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Eurozone awaits official drop into recession

A worker is seen at an empty Madrid Atocha train station, during a general strike in Madrid, Spain, Wednesday, Nov. 14, 2012. A Spanish Interior Ministry official says 32 people have been arrested and 15 people treated for minor injuries in disturbances as a general strike in Spain against austerity measures and economic reforms began. The General Workers Union said the nationwide stoppage, the second this year, was being heeded by nearly 100 percent of workers Wednesday in the automobile, energy, shipbuilding and constructions industries. (AP Photo/Daniel Ochoa de Olza)

BRUSSELS (AP) -- Official figures due Thursday are expected to show the 17-country eurozone is in recession, though only just.

The eurozone has dodged recession during its three-year debt crisis, mainly thanks to the strength of its largest single economy, Germany.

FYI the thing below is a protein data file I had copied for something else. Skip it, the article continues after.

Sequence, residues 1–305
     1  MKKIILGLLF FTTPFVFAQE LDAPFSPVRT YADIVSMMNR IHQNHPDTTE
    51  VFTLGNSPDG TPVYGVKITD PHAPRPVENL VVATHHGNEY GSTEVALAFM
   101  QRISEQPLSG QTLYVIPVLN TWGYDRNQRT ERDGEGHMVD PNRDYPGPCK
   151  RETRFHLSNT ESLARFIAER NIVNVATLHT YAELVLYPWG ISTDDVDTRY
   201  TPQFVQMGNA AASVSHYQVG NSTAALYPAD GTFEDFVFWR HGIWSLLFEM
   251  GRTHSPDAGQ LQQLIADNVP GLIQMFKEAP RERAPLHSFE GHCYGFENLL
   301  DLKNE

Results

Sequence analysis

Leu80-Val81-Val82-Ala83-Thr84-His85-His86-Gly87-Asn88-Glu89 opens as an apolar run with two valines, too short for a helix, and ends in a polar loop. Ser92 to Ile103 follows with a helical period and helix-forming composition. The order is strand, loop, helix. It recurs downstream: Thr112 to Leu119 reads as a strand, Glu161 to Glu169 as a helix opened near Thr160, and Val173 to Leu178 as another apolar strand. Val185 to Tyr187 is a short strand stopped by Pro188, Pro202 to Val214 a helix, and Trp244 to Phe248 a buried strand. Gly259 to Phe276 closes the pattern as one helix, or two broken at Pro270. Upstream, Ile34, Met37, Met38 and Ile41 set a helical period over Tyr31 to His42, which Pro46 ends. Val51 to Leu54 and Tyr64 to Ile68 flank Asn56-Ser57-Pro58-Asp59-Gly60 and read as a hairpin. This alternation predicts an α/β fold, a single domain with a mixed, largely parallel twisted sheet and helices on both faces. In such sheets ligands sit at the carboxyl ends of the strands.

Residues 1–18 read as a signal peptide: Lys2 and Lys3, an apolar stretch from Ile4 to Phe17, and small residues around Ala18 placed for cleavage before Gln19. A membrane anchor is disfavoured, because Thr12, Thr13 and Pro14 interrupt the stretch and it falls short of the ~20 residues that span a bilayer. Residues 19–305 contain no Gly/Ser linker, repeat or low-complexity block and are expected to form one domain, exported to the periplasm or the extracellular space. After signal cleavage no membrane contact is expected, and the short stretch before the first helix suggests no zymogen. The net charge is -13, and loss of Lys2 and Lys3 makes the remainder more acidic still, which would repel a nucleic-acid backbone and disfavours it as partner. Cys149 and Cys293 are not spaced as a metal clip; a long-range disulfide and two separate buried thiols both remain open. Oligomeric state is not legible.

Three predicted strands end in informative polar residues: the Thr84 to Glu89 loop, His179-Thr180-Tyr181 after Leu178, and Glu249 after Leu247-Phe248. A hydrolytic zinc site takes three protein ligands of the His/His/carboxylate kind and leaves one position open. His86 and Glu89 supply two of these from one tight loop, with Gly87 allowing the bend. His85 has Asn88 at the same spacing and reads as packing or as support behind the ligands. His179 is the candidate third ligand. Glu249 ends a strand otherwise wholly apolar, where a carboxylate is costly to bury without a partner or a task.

But even Germany is struggling now as confidence drains in the face of the turmoil afflicting large parts of the eurozone, mainly the southern economies of Greece, Spain, Italy and Portugal.

Five eurozone countries are already in recession, officially defined as two straight quarters of economic contraction. Thursday's figures may see more joining them.

Analysts expect the eurozone economy contracted by a quarterly rate of 0.1 percent in the third quarter. Following a 0.2 percent decline in the second quarter, that would put the eurozone in recession.